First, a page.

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Ateneo vs CA

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  ATENEO DE MANILA UNIVERSITY, petitioner, vs. COURT OF APPEALS, andSPOUSES ROMEO G. GUANZON and TERESITA REGALADO, respondents. 1986-10-16 | G.R. No. L-56180 D E C I S I O N GUTIERREZ, JR., J:In a letter-complaint dated December 13, 1967 addressed to Rev. William Welsh S.J., Dean of Men,Dean of Resident Students, and Chairman of the Board of Discipline, College of Arts and Sciences, Ateneo de Manila, Carmelita Mateo, a waitress in the cafeteria of Cervini Hall inside the universitycampus charged Juan Ramon Guanzon, son of private respondents Romeo Guanzon and TeresitaRegalado, and a boarder and first year student of the university with unbecoming conduct committed onDecember 12, 1967 at about 5:15 in the evening at the Cervini Hall's cafeteria, as follows:xxx xxx xxx Mr. Guanzon, a boarder at Cervini who I think comes from Bacolod, was asking for 'siopao.' I was at thecounter and I told him that the 'siopao' had still to be heated and asked him to wait for a while. Then Mr.Guanzon started mumbling bad words directed to me, in the hearing presence of other boarders. I askedhim to stop cursing, and he told me that was none of my business. Since he seemed impatient, I wasgoing to give back his money without any contempt. (sic) He retorted that he did not like to accept themoney. He got madder and started to curse again. Then he threatened to strike me with his fist. I tried toavoid this. But then he actually struck me in my left temple. Before he could strike again, his fellowboarders held him and Dr. Bella and Leyes coaxed him to stop; I got hold of a bottle so I could dodgehim. It was then that Fr. Campbell arrived. The incident was hidden from Fr. Campbell by the boarders. Icould not tell him myself as I had gone into the kitchen crying because I was hurt. The university conducted an investigation of the slapping incident. On the basis of the investigationresults, Juan Ramon was dismissed from the university.The dismissal of Juan Ramon triggered off the filing of a complaint for damages by his parents againstthe university in the then Court of First Instance of Negros Occidental at Bacolod City. The complaintstates that Juan Ramon was expelled from school without giving him a fair trial in violation of his right todue process and that they are prominent and well known residents of Bacolod City, with theunceremonious expulsion of their son causing them actual, moral, and exemplary damages as well asattorney's fees.In its answer, the university denied the material allegations of the complaint and justified the dismissal of Juan Ramon on the ground that his unbecoming behavior is contrary to good morals, proper decorum,and civility, that such behavior subjected him as a student to the university's disciplinary regulations'action and sanction and that the university has the sole prerogative and authority at any time to dropfrom the school a student found to be undesirable in order to preserve and maintain its integrity anddiscipline so indispensable for its existence as an institution of learning. After due trial, the lower court found for the Guanzons and ordered the university to pay them P92.00 asactual damages; P50,000.00 as moral damages; P5,000.00 as attorney's fees and to pay the costs of the suit.  Upon appeal to the Court of Appeals by the university, the trial court's decision was initially reversed andset aside. The complaint was dismissed.However, upon motion for reconsideration filed by the Guanzons, the appellate court reversed itsdecision and set it aside through a special division of five. In the resolution issued by the appellate court,the lower court's decision was reinstated. The motion for reconsideration had to be referred to a specialdivision of five in view of the failure to reach unanimity on the resolution of the motion, the vote of theregular division having become 2 to 1.The petitioner now asks us to review and reverse the resolution of the division of five on the followinggrounds:ONETHE RESOLUTION OF THE DIVISION OF FIVE COMMITTED A SERIOUS AND GRAVE ERROR OFLAW IN RULING THAT PRIVATE RESPONDENTS WERE NOT AFFORDED DUE PROCESS IN THEDISCIPLINE CASE AGAINST THEIR SON JUAN RAMON GUANZON.TWOTHE RESOLUTION OF THE DIVISION OF FIVE ERRONEOUSLY RULED THAT THE RESORT TOJUDICIAL REMEDY BY PRIVATE RESPONDENTS DID NOT VIOLATE THE RULE ON FINALITY OF ADMINISTRATION ACTION OR EXHAUSTION OF ADMINISTRATIVE REMEDIES.THREETHE FINDING AND CONCLUSIONS OF THE RESOLUTION OF THE DIVISION OF FIVE ARETAINTED WITH GRAVE ABUSE OF DISCRETION, OR ARE CONFLICTING, OR CONTRARY TO THEEVIDENCE IN THE CASE.In reversing its own decision, the appellate court relied heavily on the findings of the Director of PrivateSchools affirmed by the Minister of Education and the findings of the lower court to the effect that dueprocess of law was not observed by the petitioner when it dismissed the private respondents' son JuanRamon. The resolution invoked the rule that findings of facts by administrative officers in matters fallingwithin their competence will not generally be reviewed by the courts, as well as the principle that findingsof facts of the trial court are entitled to great weight and should not be disturbed on appeal.The conclusions of the Court of Appeals in its split decision are not sustained by the facts on record.The statement regarding the finality given to factual findings of trial courts and administrative tribunals iscorrect if treated as a general principle. The general principle, however, is subject to well establishedexceptions.We disregard the factual findings of trial courts when ---- (1) the conclusion is a finding grounded onspeculations, surmises, and conjectures; (2) the inferences made are manifestly mistaken, absurd, or impossible; (3) there is a grave abuse of discretion; (4) there is a misapprehension of facts; and (5) thecourt, in arriving at its findings, went beyond the issues of the case and the same are contrary to theadmissions of the parties or the evidence presented. (Gomez v. Intermediate Appellate Court, 135 SCRA620; Republic v. Court of Appeals, 132 SCRA 514; Carolina Industries, Inc. v. CMS Stock Brokerage,Inc., 97 SCRA 734; and Bacayo v. Genato, 135 SCRA 668). A similar rule applies to administrative agencies.By reason of their special knowledge and expertise gained from the handling of specific matters falling  under their respective jurisdictions, we ordinarily accord respect if not finality to factual findings of administrative tribunals. However, there are exceptions to this rule and judicial power asserts itself whenever the factual findings are not supported by evidence; where the findings are vitiated by fraud,imposition, or collusion; where the procedure which led to the factual findings is irregular; when palpableerrors are committed; or when a grave abuse of discretion, arbitrariness, or capriciousness is manifest(International Hardwood and Veneer Co., of the Philippines v. Leogardo, 117 SCRA 967; Baguio CountryClub Corporation v. National Labor Relations Commission, 118 SCRA 557; Sichangco v. Commissioner of Immigration, 94 SCRA 61; and Eusebio v. Sociedad Agricola de Balarin, 16 SCRA 569).The Court of Appeals ruled that Juan Ramon Guanzon was not accorded due process. We fail to seewhat, in the records, made the respondent court reverse its earlier and correct finding that there was dueprocess.The srcinal decision, penned by then Associate and now Presiding Justice Emilio A. Gancayco reviewsthe facts on record to show that the procedures in the expulsion case were fair, open, exhaustive, andadequate.The decision states: First, after the slapping incident which happened on December 12, 1967, Fr. Welsh in his capacity asChairman of the Board of Discipline upon receipt of the letter complaint (Exh. 2) of Carmelita Mateoconducted a preliminary inquiry by interviewing the companions and friends of Juan Ramon Guanzonwho were also at the cafeteria. They confirmed the incident in question. (Exhs. 5, 6, 7 and 9). Second, Fr. Welsh, finding that there was probable cause against Mr. Guanzon, prepared amemorandum to the members of the Board of Discipline dated December 16, 1967 (Exh. 8) anddelivered a copy each to Fr. Francisco Perez, Dr. Amada Capawan, Mr. Piccio and Dr. Reyes. Third, on December 14, 1967, Mr. Guanzon was fully informed of the accusation against him when Fr.Welsh read the letter-complaint of Carmelita Mateo and he admitted the truth of the charge. (tsn., pp.38-39, May 9, 1970; Exh 4). Fourth, Fr. Welsh also sent separate letters to Rev. Antonio Cuna, Student Counselor of the College of  Arts and Sciences dated December 18, 1967 and Rev. James Culligan, Director of Guidance of theCollege of Arts and Sciences dated December 18, 1967 seeking any information for guidance in theaction of the Board of Discipline regarding the case of Mr. Guanzon. (Exhs. 10-11) Fifth, notice of the meeting of the Board of Discipline set on December 19, 1967 was posted at theBulletin Board of the College of Arts and Sciences and also at Dormitory Halls (tsn., pp. 21-22, July 21,1970) The Secretary of the Dean of Discipline personally notified Mr. Guanzon of the meeting of theBoard on December 19, 1967, he was told to seek the help of his guardians, parents and friendsincluding the student counsellors in the residence halls and College of Arts and Sciences. (tsn., p. 18,July 21, 1970) Sixth, despite notice of the Board of Discipline on December 19, 1967, Mr. Guanzon did not care toinform his parents or guardian knowing fully well the seriousness of the offense he had committed andinstead he spoke for himself and admitted to have slapped Carmelita Mateo. He then asked that he beexcused as he wanted to catch the boat for Bacolod City for the Christmas vacation. Seventh, the decision of the Board of Discipline was unanimous in dropping from the rolls of studentsMr. Guanzon (Exh. 12) which was elevated to the office of the Dean of Arts and Sciences, Rev. Joseph   A. Galdon, who after a review of the case found no ground to reverse the decision of the Board of Discipline. (Exh. 13) The case was finally elevated to the President of the Ateneo University whosustained the decision of the Board of Discipline (Exh. 21-A, p. 6) A motion for reconsideration was filedby the President of the Student Council in behalf of Mr. Guanzon (Exh. 15) but the same was denied bythe President of the University. Eighth, when the decision of the Board of Discipline was about to be carried out, Mr. Guanzonvoluntarily applied for honorable dismissal. He went around to the officials of the university to obtain hisclearance and this was approved on January 8, 1968. (Exh. 3, tsn., p. 58, May 6, 1970) Ninth, Mr. Romeo Guanzon, father of Juan Ramon Guanzon arranged for full and complete refund of histuition fee for the entire second semester of the school year 1967-68. Juan Ramon was never out of school. He was admitted at the De La Salle College of Bacolod City and later transferred to another Jesuit School. From the above proceedings that transpired it can not be said that Juan Ramon Guanzon was denieddue process of law. On the contrary, we find that he was given the full opportunity to be heard, to be fullyinformed of the charge against him and to be confronted of the witnesses face to face. And since hechose to remain silent and did not bother to inform his parents or guardian about the disciplinary actiontaken against him by the defendant university, neither he nor his parents should find reason tocomplain. xxx xxx xxxWhen the letter-complaint was read to Juan Ramon, he admitted the altercation with the waitress and hisslapping her on the face. Rev. Welsh did not stop with the admission. He interviewed Eric Tagle, DannyGo, Roberto Beriber, and Jose Reyes, friends of Juan Ramon who were present during the incident.The Board of Discipline was made up of distinguished members of the faculty ----Fr. Francisco Perez,Biology Department Chairman; Dr. Amando Capawan, a Chemistry professor; Assistant Dean Piccio of the College; and Dr. Reyes of the same College. There is nothing in the records to cast any doubt ontheir competence and impartiality insofar as this disciplinary investigation is concerned.Juan Ramon himself appeared before the Board of Discipline. He admitted the slapping incident, thenbegged to be excused so he could catch the boat for Bacolod City. Juan Ramon, therefore, was givennotice of the proceedings; he actually appeared to present his side; the investigating board acted fairlyand objectively; and all requisites of administrative due process were met.We do not share the appellate court's view that there was no due process because the privaterespondents, the parents of Juan Ramon were not given any notice of the proceedings.Juan Ramon, who at the time was 18 years of age, was already a college student, intelligent and matureenough to know his responsibilities. In fact, in the interview with Rev. Welsh, he even asked if he wouldbe expelled because of the incident. He was fully cognizant of the gravity of the offense he committed.When informed about the December 19, 1967 meeting of the Board of Discipline, he was asked to seekadvice and assistance from his guardian and or parents.In the natural course of things, Juan Ramon is assumed to have reported this serious matter to hisparents. The fact that he chose to remain silent and did not inform them about his case, not even whenhe went home to Bacolod City for his Christmas vacation, was not the fault of the petitioner university.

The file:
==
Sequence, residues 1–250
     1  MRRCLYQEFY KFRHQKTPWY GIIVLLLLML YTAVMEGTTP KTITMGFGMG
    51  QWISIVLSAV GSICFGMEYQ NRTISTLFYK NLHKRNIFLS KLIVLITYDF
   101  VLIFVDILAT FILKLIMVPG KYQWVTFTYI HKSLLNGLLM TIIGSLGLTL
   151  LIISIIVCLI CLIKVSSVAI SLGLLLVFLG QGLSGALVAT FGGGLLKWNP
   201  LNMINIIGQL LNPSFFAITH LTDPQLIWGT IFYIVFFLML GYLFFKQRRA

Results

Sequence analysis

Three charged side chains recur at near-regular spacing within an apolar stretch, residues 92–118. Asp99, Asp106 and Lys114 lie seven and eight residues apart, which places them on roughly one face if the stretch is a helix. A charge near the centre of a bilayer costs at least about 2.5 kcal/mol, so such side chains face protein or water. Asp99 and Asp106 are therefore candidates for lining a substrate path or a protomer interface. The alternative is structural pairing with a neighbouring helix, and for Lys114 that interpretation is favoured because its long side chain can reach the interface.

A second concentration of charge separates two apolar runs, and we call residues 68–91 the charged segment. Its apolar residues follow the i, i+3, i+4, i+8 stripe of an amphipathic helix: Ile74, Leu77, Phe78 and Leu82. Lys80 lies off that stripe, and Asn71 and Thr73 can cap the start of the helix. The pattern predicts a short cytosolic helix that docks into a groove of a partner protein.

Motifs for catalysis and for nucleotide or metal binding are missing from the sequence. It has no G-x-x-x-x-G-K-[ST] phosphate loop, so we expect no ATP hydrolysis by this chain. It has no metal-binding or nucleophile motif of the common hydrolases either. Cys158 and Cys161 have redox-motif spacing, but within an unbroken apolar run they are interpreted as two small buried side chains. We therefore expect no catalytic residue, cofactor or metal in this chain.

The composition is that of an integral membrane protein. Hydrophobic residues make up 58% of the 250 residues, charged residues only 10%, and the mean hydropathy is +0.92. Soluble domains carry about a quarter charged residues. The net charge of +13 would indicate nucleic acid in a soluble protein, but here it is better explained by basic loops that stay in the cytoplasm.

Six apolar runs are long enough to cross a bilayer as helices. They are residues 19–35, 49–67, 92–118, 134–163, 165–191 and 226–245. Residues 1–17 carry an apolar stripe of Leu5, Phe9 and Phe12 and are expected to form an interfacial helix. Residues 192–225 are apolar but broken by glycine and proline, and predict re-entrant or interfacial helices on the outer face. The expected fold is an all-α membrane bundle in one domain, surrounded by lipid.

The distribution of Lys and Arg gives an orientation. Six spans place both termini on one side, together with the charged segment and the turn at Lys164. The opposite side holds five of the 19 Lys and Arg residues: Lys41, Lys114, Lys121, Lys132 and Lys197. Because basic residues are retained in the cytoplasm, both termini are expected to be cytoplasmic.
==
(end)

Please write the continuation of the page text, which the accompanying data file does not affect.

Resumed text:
Jul 23, 2017